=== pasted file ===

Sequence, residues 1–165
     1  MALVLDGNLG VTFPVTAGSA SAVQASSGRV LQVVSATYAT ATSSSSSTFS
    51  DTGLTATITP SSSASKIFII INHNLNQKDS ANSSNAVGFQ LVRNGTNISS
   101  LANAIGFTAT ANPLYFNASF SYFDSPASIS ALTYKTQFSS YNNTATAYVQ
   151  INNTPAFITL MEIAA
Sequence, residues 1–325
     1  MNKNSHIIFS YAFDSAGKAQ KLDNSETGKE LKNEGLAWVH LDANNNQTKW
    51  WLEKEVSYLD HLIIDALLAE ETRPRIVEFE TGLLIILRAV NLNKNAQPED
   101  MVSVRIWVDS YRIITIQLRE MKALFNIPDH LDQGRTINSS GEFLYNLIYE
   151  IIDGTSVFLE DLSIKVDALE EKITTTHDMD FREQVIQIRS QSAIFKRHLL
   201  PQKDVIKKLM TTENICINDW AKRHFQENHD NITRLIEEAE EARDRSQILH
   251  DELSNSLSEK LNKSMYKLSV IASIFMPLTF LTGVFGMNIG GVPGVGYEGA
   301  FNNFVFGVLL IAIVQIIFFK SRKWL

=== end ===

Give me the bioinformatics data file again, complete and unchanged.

Sequence, residues 1–165
     1  MALVLDGNLG VTFPVTAGSA SAVQASSGRV LQVVSATYAT ATSSSSSTFS
    51  DTGLTATITP SSSASKIFII INHNLNQKDS ANSSNAVGFQ LVRNGTNISS
   101  LANAIGFTAT ANPLYFNASF SYFDSPASIS ALTYKTQFSS YNNTATAYVQ
   151  INNTPAFITL MEIAA
Sequence, residues 1–325
     1  MNKNSHIIFS YAFDSAGKAQ KLDNSETGKE LKNEGLAWVH LDANNNQTKW
    51  WLEKEVSYLD HLIIDALLAE ETRPRIVEFE TGLLIILRAV NLNKNAQPED
   101  MVSVRIWVDS YRIITIQLRE MKALFNIPDH LDQGRTINSS GEFLYNLIYE
   151  IIDGTSVFLE DLSIKVDALE EKITTTHDMD FREQVIQIRS QSAIFKRHLL
   201  PQKDVIKKLM TTENICINDW AKRHFQENHD NITRLIEEAE EARDRSQILH
   251  DELSNSLSEK LNKSMYKLSV IASIFMPLTF LTGVFGMNIG GVPGVGYEGA
   301  FNNFVFGVLL IAIVQIIFFK SRKWL